Hence, the number of representatives in the two cases not being in proportion to that of the two constituents, and being proportionally greater in the small republic, it follows that, if the proportion of fit characters be not less in the large than in the small republic, the former will present a greater option, and consequently a greater probability of a fit choice.
In the next place, as each representative will be chosen by a greater number of citizens in the large than in the small republic, it will be more difficult for unworthy candidates to practice with success the vicious arts by which elections are too often carried; and the suffrages of the people being more free, will be more likely to centre in men who possess the most attractive merit and the most diffusive and established characters.
The other point of difference is, the greater number of citizens and extent of territory which may be brought within the compass of republican than of democratic government; and it is this circumstance principally which renders factious combinations less to be dreaded in the former than in the latter.
During the greater part of our stay of a week, the sky was cloudless, and if the trade-wind failed for an hour, the heat became very oppressive.
The males of all, or certainly of the greater number, are jet black; and the females (with perhaps one or two exceptions) are brown.
The far greater peculiarity of the land-birds, namely, twenty-five out of twenty-six, being new species, or at least new races, compared with the waders and web-footed birds, is in accordance with the greater range which these latter orders have in all parts of the world.
They who set themselves to give precepts must of course regard themselves as possessed of greater skill than those to whom they prescribe; and if they err in the slightest particular, they subject themselves to censure.
Of philosophy I will say nothing, except that when I saw that it had been cultivated for many ages by the most distinguished men, and that yet there is not a single matter within its sphere which is not still in dispute, and nothing, therefore, which is above doubt, I did not presume to anticipate that my success would be greater in it than that of others; and further, when I considered the number of conflicting opinions touching a single matter that may be upheld by learned men, while there can be but one true, I reckoned as well-nigh false all that was only probable.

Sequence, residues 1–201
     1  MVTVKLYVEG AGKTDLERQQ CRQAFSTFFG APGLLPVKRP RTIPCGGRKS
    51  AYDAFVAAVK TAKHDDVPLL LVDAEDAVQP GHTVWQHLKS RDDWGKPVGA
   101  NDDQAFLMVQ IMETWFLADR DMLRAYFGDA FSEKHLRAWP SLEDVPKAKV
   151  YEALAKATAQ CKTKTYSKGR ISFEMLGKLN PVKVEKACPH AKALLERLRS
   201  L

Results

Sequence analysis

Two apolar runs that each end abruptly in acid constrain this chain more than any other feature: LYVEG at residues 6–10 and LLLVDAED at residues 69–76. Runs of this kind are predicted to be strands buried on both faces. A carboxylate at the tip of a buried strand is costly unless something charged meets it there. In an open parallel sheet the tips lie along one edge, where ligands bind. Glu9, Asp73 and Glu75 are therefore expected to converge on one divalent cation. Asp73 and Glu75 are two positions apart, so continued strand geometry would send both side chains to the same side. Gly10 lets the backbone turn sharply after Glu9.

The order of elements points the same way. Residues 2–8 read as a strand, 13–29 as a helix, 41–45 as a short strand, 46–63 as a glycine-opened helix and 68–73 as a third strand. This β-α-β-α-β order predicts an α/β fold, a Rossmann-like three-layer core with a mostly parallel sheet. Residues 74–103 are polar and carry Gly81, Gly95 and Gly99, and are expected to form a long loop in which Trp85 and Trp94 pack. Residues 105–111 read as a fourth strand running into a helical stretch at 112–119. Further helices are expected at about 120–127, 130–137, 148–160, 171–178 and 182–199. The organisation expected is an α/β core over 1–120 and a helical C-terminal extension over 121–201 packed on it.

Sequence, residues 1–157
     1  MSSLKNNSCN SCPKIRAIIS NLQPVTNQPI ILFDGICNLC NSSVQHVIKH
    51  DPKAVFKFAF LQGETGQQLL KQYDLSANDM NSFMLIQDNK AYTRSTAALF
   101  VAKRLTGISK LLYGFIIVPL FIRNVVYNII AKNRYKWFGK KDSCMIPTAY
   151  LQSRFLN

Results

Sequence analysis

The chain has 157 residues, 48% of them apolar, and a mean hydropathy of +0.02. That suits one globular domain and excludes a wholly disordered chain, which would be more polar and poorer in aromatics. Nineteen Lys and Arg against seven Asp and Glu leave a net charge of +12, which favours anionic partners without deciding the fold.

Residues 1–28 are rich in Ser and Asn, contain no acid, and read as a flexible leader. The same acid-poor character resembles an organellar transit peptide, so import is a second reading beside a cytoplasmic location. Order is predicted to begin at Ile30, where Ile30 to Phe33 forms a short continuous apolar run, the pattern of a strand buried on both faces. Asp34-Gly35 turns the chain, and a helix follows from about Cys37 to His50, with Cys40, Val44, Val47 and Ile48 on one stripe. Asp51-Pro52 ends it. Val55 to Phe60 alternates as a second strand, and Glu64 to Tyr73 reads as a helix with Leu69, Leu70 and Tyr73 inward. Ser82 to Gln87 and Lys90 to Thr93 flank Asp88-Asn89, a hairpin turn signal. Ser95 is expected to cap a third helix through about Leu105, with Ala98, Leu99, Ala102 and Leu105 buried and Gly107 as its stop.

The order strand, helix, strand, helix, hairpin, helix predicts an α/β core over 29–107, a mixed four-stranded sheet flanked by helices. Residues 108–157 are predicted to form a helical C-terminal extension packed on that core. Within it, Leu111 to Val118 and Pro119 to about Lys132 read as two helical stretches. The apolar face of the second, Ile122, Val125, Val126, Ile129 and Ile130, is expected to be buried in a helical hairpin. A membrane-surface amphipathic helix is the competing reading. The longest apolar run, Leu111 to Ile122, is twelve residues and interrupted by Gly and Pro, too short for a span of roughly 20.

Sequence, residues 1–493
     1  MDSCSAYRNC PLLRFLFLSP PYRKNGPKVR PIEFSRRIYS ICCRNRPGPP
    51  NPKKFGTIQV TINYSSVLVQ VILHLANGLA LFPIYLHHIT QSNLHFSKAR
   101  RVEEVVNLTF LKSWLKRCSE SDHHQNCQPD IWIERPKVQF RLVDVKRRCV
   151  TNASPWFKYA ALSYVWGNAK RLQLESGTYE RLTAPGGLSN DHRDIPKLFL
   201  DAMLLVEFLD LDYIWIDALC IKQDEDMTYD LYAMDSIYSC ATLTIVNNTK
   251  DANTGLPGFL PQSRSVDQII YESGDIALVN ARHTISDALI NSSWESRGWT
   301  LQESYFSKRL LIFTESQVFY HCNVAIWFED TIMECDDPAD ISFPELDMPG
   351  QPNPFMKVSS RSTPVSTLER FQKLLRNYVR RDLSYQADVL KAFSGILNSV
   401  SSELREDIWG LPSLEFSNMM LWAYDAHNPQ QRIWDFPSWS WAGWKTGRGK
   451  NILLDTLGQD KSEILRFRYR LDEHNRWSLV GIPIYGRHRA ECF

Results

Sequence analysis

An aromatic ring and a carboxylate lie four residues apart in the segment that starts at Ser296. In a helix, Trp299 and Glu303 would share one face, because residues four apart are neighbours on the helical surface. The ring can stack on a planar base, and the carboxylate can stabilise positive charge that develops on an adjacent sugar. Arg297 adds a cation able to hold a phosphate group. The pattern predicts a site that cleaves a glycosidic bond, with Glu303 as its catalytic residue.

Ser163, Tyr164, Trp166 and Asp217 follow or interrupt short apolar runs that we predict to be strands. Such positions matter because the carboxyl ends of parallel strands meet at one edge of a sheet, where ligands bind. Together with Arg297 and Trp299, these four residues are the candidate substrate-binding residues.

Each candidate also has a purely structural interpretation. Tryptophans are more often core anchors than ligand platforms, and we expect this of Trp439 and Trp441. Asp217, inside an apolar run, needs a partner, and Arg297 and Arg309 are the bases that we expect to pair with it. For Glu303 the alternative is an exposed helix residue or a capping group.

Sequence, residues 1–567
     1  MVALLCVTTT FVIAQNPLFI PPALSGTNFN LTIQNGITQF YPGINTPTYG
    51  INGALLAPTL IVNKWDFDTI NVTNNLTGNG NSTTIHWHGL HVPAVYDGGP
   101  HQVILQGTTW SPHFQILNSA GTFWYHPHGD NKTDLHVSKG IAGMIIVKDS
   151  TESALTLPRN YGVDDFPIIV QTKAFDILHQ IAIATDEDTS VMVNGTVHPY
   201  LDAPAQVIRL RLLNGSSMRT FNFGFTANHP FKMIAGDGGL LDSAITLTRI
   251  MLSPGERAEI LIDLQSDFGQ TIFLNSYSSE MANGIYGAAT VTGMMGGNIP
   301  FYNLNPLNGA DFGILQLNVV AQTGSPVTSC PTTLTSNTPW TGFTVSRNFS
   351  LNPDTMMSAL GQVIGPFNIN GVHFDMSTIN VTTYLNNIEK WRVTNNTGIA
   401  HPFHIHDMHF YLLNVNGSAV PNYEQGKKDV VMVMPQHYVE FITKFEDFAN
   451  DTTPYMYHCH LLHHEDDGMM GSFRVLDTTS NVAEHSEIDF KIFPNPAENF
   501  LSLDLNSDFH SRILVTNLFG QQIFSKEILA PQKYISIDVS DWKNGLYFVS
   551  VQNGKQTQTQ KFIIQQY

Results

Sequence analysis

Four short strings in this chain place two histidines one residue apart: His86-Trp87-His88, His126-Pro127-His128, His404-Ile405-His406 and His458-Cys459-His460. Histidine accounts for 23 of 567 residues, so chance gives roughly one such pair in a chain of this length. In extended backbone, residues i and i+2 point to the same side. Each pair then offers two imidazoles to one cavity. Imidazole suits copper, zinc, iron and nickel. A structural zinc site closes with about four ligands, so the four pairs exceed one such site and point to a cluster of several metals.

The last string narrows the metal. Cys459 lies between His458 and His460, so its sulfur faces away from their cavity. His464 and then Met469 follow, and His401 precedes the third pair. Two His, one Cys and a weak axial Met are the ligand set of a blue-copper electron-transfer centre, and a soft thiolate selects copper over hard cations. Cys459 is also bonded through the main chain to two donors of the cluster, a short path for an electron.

For it occurred to me that I should find much more truth in the reasonings of each individual with reference to the affairs in which he is personally interested, and the issue of which must presently punish him if he has judged amiss, than in those conducted by a man of letters in his study, regarding speculative matters that are of no practical moment, and followed by no consequences to himself, farther, perhaps, than that they foster his vanity the better the more remote they are from common sense; requiring, as they must in this case, the exercise of greater ingenuity and art to render them probable.
This problem is only solvable if we cease arbitrarily to substitute for the unknown x itself the conditions under which that force becomes apparent- such as the commands of the general, the equipment employed, and so on- mistaking these for the real significance of the factor, and if we recognize this unknown quantity in its entirety as being the greater
or lesser desire to fight and to face danger.
But we have seen that greater changes, or changes of a particular nature, often render organic beings in some degree sterile; and that greater crosses, that is crosses between males and females which have become widely or specifically different, produce hybrids which are generally sterile in some degree.
It can, in the first place, be clearly shown that mere external dissimilarity between two species does not determine their greater or lesser degree of sterility when crossed; and we may apply the same rule to domestic varieties.
When one of these is discontent, the danger is not great; for common people are of slow motion, if they be not excited by the greater
sort; and the greater
sort are of small strength, except the multitude be apt, and ready to move of themselves.
It would not be easy to determine whether our arrival gave us greater
joy, or the inhabitants greater
apprehensions, for we could discern a continual tumult in the land, and took notice that the crews of some barks that lay in the harbour were unlading with all possible diligence, to prevent the cargo from falling into our hands, very much indeed to the dissatisfaction of many of our soldiers, who having engaged in this expedition, with no other view than of filling their pockets, were, before the return of our Abyssin, for treating them like enemies, and taking them as a lawful prize.
Alexander the Sixth did nothing else but deceive men, nor ever thought of doing otherwise, and he always found victims; for there never was a man who had greater
power in asserting, or who with greater
oaths would affirm a thing, yet would observe it less; nevertheless his deceits always succeeded according to his wishes,[*] because he well understood this side of mankind.